To the question of whether the state association was responding to pressure, Price said that there was always pressure. “The pressure here was related to our membership,” he said.

In September, with debates of mask mandates and social distancing dominating meetings, the NSBA wrote a letter seeking “federal assistance to stop threats and acts of violence against public school-children, public school board members, and other public school district officials and educators.”

“As the threats grow and news of extremist hate organizations showing up at school board meetings is being reported, this is a critical time for a proactive approach to deal with this difficult issue,” the NSBA letter said.

Protesters gathered outside of the Greenville County Schools office Thursday morning as the school board met to to receive legal advice after a federal judge said on Tuesday that South Carolina cannot ban school districts from requiring masks in schools.

Soon after, U.S. Attorney General Merrick Garland issued a memo authorizing the FBI to investigate threats against school board members.

The language of NSBA’s letter did not sit well with several lawmakers and parents across the country. Multiple petitions demanding that state school board associations leave the national group came from several states.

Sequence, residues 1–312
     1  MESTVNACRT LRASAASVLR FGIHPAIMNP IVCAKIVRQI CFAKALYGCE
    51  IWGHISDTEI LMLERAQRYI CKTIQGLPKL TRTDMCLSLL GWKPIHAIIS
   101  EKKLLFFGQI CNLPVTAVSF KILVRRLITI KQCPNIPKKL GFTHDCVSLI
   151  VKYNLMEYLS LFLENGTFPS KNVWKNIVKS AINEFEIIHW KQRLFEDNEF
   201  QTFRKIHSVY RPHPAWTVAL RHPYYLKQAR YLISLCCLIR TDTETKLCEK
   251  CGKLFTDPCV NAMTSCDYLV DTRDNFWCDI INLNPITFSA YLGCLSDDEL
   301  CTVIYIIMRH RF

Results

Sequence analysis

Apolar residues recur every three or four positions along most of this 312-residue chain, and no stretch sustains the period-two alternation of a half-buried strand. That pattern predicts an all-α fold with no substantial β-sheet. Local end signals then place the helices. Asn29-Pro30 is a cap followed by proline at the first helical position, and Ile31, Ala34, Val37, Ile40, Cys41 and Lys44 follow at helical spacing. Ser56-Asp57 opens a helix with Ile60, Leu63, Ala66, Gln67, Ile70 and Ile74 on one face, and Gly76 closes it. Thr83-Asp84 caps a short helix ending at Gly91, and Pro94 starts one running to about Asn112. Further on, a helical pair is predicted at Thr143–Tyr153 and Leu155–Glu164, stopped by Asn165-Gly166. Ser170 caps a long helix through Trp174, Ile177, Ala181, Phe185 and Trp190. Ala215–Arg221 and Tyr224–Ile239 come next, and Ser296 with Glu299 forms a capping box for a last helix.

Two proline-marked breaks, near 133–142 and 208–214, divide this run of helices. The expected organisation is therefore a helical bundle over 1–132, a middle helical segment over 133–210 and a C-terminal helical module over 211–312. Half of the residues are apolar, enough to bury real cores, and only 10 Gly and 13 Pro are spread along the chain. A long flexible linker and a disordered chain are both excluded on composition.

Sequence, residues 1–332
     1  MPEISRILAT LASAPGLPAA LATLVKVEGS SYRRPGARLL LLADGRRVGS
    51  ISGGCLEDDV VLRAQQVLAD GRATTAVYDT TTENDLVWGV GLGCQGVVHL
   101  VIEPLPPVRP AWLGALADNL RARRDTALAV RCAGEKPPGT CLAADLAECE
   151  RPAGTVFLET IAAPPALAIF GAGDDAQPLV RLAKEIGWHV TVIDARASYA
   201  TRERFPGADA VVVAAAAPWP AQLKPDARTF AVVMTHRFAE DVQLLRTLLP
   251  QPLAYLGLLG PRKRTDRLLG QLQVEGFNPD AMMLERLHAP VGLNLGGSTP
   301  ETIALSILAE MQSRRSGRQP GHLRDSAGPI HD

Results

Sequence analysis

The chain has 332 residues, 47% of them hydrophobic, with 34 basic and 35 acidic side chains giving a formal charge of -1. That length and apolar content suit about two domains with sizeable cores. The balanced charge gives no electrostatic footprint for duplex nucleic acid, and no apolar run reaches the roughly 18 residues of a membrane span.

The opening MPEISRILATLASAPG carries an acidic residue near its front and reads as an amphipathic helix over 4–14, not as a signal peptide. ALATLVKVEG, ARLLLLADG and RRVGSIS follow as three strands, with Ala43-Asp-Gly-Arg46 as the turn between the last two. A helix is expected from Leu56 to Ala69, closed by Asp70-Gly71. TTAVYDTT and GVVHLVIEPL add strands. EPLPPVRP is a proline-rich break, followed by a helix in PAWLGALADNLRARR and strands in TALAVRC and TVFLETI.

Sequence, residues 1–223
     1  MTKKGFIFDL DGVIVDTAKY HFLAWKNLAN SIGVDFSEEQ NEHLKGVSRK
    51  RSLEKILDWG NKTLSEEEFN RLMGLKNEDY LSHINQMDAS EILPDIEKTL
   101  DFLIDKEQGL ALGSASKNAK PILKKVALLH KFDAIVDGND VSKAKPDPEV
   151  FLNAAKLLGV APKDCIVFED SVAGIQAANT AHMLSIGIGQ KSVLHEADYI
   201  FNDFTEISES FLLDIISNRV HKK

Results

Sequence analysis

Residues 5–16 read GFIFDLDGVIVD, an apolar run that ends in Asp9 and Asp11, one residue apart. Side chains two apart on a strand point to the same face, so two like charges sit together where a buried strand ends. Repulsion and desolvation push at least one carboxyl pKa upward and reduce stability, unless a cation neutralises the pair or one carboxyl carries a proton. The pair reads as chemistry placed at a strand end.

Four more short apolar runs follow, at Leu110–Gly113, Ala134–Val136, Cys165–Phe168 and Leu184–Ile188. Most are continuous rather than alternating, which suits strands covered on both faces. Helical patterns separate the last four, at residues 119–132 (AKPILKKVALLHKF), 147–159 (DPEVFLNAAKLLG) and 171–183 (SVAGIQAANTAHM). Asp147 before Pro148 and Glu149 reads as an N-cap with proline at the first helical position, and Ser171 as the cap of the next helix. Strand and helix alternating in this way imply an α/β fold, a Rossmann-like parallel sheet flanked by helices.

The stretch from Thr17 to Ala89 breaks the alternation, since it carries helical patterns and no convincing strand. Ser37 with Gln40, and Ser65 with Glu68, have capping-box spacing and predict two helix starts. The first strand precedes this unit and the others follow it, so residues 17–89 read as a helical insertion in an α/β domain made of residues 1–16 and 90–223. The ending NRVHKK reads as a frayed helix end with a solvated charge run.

In South Carolina, 36 GOP lawmakers signed a letter criticizing the NSBA and said that the threats of intimidation and harassment in schools were false. The lawmakers asked the state organization to withdraw its membership from the national group.

The state school board association called for a special meeting on Nov. 5 to discuss the timeline of events. “This decision [of leaving the national association] was not made lightly,” said SCBA’s letter to the national organization.

Rep. Stewart Jones, R-Laurens, who led a petition demanding the state association’s withdrawal said that he was thrilled by the news. “We’re defending the rights of parents to have that greater choice and education and I think this is a great sign,” he said.